Study: Millions of Americans Throw Out Their Food Too Soon Because of This One Mistake

 

While many people point the finger at food production for world hunger problems, the truth is that food distribution and utilization are the two main areas we need to improve upon as a society.

We already know according to several reports including two from the United Nations that small-scale organic food production is the best way to “feed the world,” something else we need to do a better job at.

But our tendency to waste food (and to produce inorganic waste products like plastic) is perhaps just as important.

At home, Americans throw away 40 percent of the food they buy. Yes, 40 percent. That was the key finding of a 2013 study by the Harvard University Law School and the environmental group the Natural Resources Defense Council.

That’s a total of $165 billion in food waste.

 

Do Americans Throw Food Away Too Soon? 

 

Oftentimes, people throw away their food as soon as it hits the “use by” date, as many as 1/5 of Americans in fact according to the study.

But those dates are used for inventory control by retailers, not for edibility or safety according to Ted Labuza, a University of Minnesota food science professor who was worked on the study and was quoted by the news site www.sfgate.com.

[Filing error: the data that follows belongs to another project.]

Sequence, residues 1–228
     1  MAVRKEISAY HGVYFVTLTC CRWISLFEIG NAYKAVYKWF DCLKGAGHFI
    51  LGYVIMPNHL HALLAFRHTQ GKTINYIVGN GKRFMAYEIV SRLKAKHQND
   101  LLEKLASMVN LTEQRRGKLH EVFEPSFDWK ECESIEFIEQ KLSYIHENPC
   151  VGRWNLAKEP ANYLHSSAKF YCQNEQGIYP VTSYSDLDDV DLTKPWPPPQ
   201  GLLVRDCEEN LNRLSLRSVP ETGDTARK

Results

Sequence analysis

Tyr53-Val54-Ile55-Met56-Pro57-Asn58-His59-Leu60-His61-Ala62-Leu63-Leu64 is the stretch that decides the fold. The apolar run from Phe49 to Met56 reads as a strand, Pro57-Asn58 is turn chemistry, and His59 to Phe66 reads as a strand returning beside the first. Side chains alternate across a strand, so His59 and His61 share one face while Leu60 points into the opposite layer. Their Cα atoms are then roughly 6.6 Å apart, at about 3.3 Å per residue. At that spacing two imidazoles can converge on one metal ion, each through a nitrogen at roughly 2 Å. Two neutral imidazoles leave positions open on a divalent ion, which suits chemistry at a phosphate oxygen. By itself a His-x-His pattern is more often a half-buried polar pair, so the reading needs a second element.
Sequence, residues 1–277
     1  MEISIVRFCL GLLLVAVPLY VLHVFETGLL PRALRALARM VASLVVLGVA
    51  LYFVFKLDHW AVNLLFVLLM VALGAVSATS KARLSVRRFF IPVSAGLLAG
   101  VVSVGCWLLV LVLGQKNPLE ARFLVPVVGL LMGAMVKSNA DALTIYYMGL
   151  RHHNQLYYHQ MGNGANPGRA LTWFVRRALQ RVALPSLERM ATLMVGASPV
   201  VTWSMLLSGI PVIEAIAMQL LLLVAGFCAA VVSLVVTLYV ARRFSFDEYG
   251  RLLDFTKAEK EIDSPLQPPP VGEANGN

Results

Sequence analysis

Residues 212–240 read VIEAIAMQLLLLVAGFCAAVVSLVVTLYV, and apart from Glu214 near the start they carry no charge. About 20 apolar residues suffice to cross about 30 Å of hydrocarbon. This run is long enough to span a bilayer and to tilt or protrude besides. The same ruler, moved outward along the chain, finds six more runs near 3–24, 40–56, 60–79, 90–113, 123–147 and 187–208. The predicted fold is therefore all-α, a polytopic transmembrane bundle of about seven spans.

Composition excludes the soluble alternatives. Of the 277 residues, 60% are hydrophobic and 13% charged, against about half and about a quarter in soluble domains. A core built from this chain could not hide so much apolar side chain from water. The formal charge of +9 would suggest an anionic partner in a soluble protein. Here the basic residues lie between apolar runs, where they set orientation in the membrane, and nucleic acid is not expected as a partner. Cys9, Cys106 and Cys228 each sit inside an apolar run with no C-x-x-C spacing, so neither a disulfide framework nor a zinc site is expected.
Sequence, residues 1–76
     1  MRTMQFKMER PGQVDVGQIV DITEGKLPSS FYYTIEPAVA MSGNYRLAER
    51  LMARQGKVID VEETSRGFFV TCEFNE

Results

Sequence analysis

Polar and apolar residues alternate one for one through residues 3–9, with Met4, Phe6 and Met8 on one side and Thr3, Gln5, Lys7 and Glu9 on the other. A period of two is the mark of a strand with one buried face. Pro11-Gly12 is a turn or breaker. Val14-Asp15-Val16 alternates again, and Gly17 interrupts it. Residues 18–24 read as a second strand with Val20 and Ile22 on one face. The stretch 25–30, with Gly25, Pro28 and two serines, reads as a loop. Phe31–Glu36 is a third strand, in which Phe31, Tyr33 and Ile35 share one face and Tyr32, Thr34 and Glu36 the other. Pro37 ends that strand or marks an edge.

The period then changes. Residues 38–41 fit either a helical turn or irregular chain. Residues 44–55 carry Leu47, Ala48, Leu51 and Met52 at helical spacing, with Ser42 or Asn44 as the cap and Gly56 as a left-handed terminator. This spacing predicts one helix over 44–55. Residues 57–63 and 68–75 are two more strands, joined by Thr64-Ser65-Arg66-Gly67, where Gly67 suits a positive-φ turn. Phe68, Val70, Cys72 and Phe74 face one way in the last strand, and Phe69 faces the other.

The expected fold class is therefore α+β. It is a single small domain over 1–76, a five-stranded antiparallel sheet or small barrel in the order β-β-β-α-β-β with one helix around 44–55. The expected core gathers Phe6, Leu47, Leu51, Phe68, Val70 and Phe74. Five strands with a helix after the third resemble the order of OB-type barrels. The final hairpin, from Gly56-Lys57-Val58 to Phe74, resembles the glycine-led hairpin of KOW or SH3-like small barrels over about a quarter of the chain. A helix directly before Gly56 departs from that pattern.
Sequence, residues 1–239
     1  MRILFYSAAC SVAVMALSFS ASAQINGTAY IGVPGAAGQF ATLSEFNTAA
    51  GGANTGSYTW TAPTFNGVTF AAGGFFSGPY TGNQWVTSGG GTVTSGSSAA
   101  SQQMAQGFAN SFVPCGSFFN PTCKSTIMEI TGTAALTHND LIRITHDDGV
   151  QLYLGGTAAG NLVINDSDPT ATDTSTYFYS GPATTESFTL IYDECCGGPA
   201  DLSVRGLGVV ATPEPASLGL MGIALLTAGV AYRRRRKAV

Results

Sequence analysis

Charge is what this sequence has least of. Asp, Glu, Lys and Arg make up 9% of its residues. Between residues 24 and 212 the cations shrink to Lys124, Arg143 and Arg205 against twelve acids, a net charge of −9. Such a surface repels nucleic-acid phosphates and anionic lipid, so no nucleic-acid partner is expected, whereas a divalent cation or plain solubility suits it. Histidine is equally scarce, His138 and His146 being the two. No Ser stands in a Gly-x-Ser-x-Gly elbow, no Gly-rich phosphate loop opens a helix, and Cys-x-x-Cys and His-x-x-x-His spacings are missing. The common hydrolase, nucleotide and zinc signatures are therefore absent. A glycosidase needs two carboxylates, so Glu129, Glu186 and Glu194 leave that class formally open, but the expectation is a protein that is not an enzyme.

As long as your foods aren’t getting moldy or are rotting, they are probably safer to eat for longer than you’ve been led to believe.

One good example can be found in regards to bananas. Many people throw them out when they get a few larger brown spots on them, but bananas with brown spots on them actually have more antioxidants.

Don’t be afraid to buy produce at or near the sell-by date, especially if you can get a discount on it. You can even ask the cashier or manager if they’ll give you a discount; many are likely to oblige because of the overall negative attitude toward produce that doesn’t look quite look “perfect.”

Do you throw out your food as soon as it hits the expiration date, or do you tend to keep it for a while longer than that? Also, what are your favorite techniques for making your food last longer, either through preserving it or different recipes?

Let us know in the comments below.

This tip is just one of 101 tips for saving money on organic food as featured in our Amazon best-selling eBook ‘Dirt Cheap Organic: 101 Tips for Going Organic on a Budget. You can click here to view the book

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About Nick Meyer

Nick Meyer is a longtime journalist who's been published in the Detroit Free Press, Dallas Morning News and several other outlets. He founded AltHealthWORKS in 2012 to showcase extraordinary stories of healing and the power of organic living, stories the mainstream media always seemed to miss. You can sign up for updates (and receive his free 'Healing Secrets of the Amazon' eBook) by clicking here. You can also check out Nick's Amazon best-seller 'Dirt Cheap Organic' by clicking here, as well as its sequel Dirt Cheap Weight Loss